We need to set up two networks for the IP failover pair to join. One will probably be your existing network that your other machines use to connect to your server. The other network will be a private network that the pair will communicate over. Typically this will be IP over Firewire. You don't have to do it this way, but it does preserve your secondary Ethernet port on machines that have one and allows a private network on machines that don't have a second Ethernet port (i.e.: MacMini).

Let's set up our networking like this:

Primary Server

192.168.254.165 on en0

255.255.255.0 Subnet Mask

192.168.254.1 Gateway

10.0.0.165 on fw0

255.255.0.0 Subnet Mask

Secondary Server

192.168.254.170 on en0

255.255.255.0 Subnet Mask

192.168.254.1 Gateway

10.0.0.170 on fw0

255.255.0.0 Subnet Mask

Make sure that you have good DNS entries for both machines and test them. Do not enter DNS servers or gateway information in the Firewire interface.

Now, let's edit /etc/hostconfig on each server (using your favorite editor via sudo). Add the following lines:

Primary Server

FAILOVER_BCAST_IPS="192.168.254.170 10.0.0.170"

FAILOVER_EMAIL_RECIPIENT=user@domain.com

Secondary Server

FAILOVER_PEER_IP_PAIRS="en0:192.168.254.165"

FAILOVER_PEER_IP="10.0.0.165"

FAILOVER_EMAIL_RECIPIENT=user@domain.com

So, what does all that mean?

FAILOVER_BCAST_IPS="192.168.254.170 10.0.0.170"-This identifies to the primary server the IP addresses of the network interfaces of the secondary server. You can either specify the IP's of the secondary server or use the broadcast addresses for the subnet (i.e.: 192.168.254.255, 10.0.0.255)

FAILOVER_PEER_IP_PAIRS="en0:192.168.254.165"-This identifies the primary interface IP of the primary server. Note the syntax of "en0:" when creating your configuration.

FAILOVER_PEER_IP="10.0.0.165"-This identifies the secondary interface on the primary server. In this case it is the Firewire port (fw0).

FAILOVER_EMAIL_RECIPIENT=user@domain.com-This is the email address of the person who needs to know about failover actions. Make sure that your machine is configured to be able to send mail. You may need to configure SMTP services.

Hook up the servers to the Ethernet network and connect a Firewire cable between the two machines. Check that you can ping each machine on each interface from each machine. Both machines need to be able to see one another. Now restart the primary machine and then the secondary. This is important because if you start the secondary machine before the primary, it won't hear the heartbeat message from the primary and will try to failover immediately.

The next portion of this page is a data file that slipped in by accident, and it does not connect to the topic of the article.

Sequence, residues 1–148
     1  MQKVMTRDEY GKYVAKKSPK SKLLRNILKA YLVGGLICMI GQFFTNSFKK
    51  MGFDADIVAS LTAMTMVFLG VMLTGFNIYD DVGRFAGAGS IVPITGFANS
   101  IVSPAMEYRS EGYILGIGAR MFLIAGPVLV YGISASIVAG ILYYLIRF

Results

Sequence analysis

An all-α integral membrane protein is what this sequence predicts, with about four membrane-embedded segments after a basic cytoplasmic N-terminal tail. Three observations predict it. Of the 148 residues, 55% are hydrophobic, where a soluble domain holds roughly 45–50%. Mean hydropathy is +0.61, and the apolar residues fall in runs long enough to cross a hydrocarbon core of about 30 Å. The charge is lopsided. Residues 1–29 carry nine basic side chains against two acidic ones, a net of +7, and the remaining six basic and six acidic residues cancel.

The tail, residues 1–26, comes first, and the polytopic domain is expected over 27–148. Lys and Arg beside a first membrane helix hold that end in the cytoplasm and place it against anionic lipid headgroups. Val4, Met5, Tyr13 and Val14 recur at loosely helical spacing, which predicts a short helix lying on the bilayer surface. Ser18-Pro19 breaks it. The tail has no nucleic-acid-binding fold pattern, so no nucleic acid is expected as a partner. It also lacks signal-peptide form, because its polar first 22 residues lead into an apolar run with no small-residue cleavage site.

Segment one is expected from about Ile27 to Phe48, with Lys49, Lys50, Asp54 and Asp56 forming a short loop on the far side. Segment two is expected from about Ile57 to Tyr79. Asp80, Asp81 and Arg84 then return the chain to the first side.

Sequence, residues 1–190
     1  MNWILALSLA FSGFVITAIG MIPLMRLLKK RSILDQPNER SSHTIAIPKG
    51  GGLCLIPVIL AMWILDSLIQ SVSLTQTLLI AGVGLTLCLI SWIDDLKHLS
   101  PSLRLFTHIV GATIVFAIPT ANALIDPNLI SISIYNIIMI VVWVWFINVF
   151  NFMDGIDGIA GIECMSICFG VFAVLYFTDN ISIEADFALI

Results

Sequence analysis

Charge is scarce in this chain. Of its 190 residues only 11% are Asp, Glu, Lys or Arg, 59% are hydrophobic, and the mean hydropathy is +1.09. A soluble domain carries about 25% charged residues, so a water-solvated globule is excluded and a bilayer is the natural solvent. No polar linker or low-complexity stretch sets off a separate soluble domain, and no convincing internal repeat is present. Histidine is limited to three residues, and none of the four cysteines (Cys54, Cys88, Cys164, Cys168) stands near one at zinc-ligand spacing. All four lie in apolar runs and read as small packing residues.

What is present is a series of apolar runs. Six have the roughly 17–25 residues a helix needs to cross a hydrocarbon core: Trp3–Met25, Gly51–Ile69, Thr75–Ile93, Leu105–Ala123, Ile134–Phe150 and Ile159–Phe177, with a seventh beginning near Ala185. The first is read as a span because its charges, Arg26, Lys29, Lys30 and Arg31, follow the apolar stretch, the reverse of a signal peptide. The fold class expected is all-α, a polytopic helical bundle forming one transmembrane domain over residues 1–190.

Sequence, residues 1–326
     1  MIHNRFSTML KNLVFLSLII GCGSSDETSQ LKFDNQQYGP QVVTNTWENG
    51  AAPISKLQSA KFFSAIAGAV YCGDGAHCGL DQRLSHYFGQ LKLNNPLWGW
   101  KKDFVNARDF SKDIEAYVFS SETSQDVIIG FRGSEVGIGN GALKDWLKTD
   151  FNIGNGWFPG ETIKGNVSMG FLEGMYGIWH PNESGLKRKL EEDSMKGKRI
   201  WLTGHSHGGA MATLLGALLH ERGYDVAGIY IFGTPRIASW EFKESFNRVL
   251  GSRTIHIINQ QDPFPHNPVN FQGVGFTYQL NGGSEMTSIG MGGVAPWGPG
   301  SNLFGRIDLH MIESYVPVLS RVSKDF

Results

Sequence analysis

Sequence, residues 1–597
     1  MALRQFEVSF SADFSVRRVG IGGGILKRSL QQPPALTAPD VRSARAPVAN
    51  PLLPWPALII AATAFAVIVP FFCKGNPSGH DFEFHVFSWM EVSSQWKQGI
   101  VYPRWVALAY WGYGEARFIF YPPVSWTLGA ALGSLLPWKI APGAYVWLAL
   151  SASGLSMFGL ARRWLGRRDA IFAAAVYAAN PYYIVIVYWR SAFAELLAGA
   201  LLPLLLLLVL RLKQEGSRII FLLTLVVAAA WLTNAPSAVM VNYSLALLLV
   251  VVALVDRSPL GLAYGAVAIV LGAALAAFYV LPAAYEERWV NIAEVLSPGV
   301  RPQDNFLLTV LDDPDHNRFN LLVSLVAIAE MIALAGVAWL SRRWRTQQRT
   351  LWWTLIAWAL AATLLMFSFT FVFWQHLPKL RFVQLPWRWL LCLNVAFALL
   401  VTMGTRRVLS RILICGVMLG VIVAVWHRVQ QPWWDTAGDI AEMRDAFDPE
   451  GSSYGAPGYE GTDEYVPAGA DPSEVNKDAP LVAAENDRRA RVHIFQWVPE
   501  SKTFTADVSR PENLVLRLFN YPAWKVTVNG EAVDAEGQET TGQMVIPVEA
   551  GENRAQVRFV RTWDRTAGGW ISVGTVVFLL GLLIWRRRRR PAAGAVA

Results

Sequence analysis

Ok, now that each server is up and running let's test it out. On a third machine, ping the primary server's public IP address. You should get a good solid return. Now open up Console on each machine and view the System log. Using tail on /var/log/system.log so you can see what is going on with each machine, alternately pull the Firewire cable and then Ethernet cable on the primary machine. You will notice that you stop getting ping responses from the primary server. Wait a few seconds and you should see the pings start to return again. This is the secondary machine reacting to the loss of the heartbeat message from the primary machine and initiating the ProcessFailover script to allow the secondary machine to acquire the IP of the primary machine. You have just gotten IP failover to work!

To failback, I suggest not just plugging the cables back into the primary machine. In a production environment you may have to shutdown the secondary server in a controlled manner, bring the primary back on line and then bring up the secondary. This is inconvenient as it would be great if you could just have everything failback to its original state, but practice has shown that this doesn't happen exactly the way you would want it to in every case.

Conclusion

So, it's great that we can failover from one server to another, but what good does this really do us? In the next article we will start making IP failover do some tricks for us that will be useful. Stay tuned!

References:

http://images.apple.com/server/pdfs/High_Availability_Admin_v10.4.pdf

http://docs.info.apple.com/article.html?artnum=305066

man heartbeatd

man failoverd


Ben has worked Apple based technology integration projects from Maine to Japan while learning all the way. When not collecting frequent flyer miles he spends his favorite time with his wife and 2.5 year old daughter at their home outside of Philadelphia. He can be reached at magikben@mac.com.